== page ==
Parrots use their feet to exchange temperatures with their environment. If a parrot perches on something cold, it’ll lose body heat. The speed at which this happens depends on how cold the object is compared to the parrot’s temperature.

Similarly, if a parrot perches on something warm, its feet will heat up. This is often the case when holding your parrot. Your body heat is being transferred to your pet’s feet.

Kidney Problems

Pay attention if your parrot’s feet are hotter than normal for 24 hours straight. The kidneys remove waste and toxins from a parrot’s body, and overly warm feet can indicate kidney problems.

When a parrot’s kidneys aren’t working properly, this destabilizes bodily functions. A rapid deterioration of the organs occurs. Unable to detoxify the body, the parrot develops a fever. This, in turn, makes its feet grow hot.

Weight Gain And Obesity

An obese parrot’s body temperature will be higher. That’s because the extra fat isolates the parrot’s inner organs. Its body has to work harder to get its body functioning properly around all the excess mass.

Due to the fat, when a parrot breathes in cold air, it cannot cool its insides as efficiently. All the heat is expelled almost exclusively through the feet. The warmth of a fat parrot’s feet doesn’t spell immediate danger. However, it’s still wise to take steps to reduce the parrot’s weight to avoid future complications.

Stressful Situations

When a parrot is stressed, its heart rate goes up as well as its body temperature. As soon as the parrot calms down, its blood circulation will return to normal, and the heat in its feet will be expelled.

Parrot Feet Heat Myths

There are certain myths about warm parrot feet. This can lead owners to take the wrong measures when they notice their parrot’s body temperature rising.

Poor Diet

Some people believe that a malnourished parrot will have hot feet. This stems from the idea that poorly fed parrots can’t regulate their temperatures correctly.

A parrot that is underfed will have colder feet than usual because its body needs to conserve energy. Malnourished parrots will remain still and avoid exercise. They may also have their feet tucked into their bodies to prevent heat loss.

Fear

While short-term stress can lead to warm feet, if a parrot thinks its life is in danger, its feet never warm up. Instead, the body sends blood flow away from the feet and over to the wings. This allows its muscles to loosen up, so it can fly away from danger.

What Does It Mean When Your Parrot's Feet Are Hot?

What to Do When Your Parrot’s Feet Are Warm

If your parrot’s feet are warmer than usual, try to determine what it was doing about 30 minutes before. Possible explanations could be that your parrot was:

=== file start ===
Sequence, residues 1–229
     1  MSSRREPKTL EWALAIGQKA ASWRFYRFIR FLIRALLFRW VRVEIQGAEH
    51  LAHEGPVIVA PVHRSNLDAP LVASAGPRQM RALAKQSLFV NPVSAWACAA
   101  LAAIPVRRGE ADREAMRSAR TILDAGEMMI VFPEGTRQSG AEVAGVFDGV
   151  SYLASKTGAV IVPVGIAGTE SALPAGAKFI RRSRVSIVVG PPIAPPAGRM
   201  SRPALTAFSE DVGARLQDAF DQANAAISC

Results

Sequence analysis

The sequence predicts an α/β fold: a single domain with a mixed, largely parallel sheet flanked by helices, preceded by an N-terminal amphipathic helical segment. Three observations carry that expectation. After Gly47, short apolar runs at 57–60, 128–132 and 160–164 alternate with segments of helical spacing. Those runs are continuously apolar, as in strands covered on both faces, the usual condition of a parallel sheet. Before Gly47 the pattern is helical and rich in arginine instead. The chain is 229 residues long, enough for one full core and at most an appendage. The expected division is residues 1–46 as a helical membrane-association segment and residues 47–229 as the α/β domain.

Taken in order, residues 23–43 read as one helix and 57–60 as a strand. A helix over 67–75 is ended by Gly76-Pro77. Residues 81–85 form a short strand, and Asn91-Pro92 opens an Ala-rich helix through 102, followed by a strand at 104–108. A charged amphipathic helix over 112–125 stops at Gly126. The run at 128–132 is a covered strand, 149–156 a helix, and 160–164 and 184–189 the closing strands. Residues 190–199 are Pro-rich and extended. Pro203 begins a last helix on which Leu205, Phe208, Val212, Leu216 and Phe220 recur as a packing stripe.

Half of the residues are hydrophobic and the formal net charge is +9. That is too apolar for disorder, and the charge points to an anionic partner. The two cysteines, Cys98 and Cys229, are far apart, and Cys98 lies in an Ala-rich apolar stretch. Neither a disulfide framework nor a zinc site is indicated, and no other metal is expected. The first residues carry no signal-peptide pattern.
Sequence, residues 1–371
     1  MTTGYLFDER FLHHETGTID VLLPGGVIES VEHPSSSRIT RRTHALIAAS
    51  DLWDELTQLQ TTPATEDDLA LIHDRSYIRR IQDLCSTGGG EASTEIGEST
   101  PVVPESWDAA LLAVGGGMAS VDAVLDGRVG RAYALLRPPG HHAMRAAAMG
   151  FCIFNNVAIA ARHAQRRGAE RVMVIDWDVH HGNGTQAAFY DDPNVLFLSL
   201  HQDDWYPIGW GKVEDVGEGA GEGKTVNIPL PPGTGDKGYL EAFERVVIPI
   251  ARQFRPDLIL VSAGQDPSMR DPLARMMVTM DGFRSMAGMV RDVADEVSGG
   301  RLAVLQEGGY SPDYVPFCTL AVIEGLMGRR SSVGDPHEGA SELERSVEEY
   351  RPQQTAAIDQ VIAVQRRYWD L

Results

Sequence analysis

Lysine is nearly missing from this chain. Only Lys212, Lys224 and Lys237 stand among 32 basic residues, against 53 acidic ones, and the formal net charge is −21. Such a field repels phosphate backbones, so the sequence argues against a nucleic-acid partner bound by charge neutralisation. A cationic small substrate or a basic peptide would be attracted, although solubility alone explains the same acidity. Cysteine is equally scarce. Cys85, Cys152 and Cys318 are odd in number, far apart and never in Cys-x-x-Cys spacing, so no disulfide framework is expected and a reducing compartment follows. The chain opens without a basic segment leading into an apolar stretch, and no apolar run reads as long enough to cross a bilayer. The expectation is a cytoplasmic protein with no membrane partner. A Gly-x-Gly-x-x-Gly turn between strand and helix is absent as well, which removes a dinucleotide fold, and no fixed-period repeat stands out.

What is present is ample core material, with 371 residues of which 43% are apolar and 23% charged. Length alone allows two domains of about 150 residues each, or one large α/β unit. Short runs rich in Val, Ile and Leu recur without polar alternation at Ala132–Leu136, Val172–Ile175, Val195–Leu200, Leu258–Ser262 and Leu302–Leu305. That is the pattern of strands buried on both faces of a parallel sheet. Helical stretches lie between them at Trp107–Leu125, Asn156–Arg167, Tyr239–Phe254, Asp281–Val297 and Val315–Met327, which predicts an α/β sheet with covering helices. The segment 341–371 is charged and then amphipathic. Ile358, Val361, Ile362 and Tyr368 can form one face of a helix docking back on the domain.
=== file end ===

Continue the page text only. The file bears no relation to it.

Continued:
• Perched on something warm
  • Cuddling with a human
  • Exercising
  • Got stressed over something

If that’s the case, your parrot will rebalance its system and return to normal. Here’s how to cool your parrot:

Water

Place a shallow bowl or plate with water in your parrot’s cage. This will give it a chance to lose some heat quickly. It can drink, splash around, and even stand in the water. If it’s a sweltering day, replace the water every few hours.

Stay Indoors

If your parrot lives in an aviary, bring it inside during the summer. At the least, provide shade over the cage. Planting trees next to the aviary and letting them grow over it is recommended. A blanket or wooden roof can be beneficial.

Walks

If you frequently take your parrot out for walks, use a covered cage and throw a small towel over it. This will provide shade and keep your bird cool. You can also reduce the time spent on walks during the summer and always take water with you.

Diet

Avoid overfeeding your parrot. Many kidney problems begin with an improper diet. Avoid seed-only diets because they contain high amounts of fat. A formulated diet is usually the best way forward.

Temperature

Change the temperature in your home by turning on the AC or cracking open some windows (cage door closed). Switching to no-heat light bulbs can also change the temperature in your home.

Time

Monitor the parrot for the next few hours. If its feet are too hot, its temperature should return to normal in a few hours. If the feet remain overly hot for more than 24 hours, contact an avian vet.

If the temperature normalizes within 24 hours, it’ll be fine. Warm parrot feet are completely normal. They allow your parrot to remain cool when the temperature rises.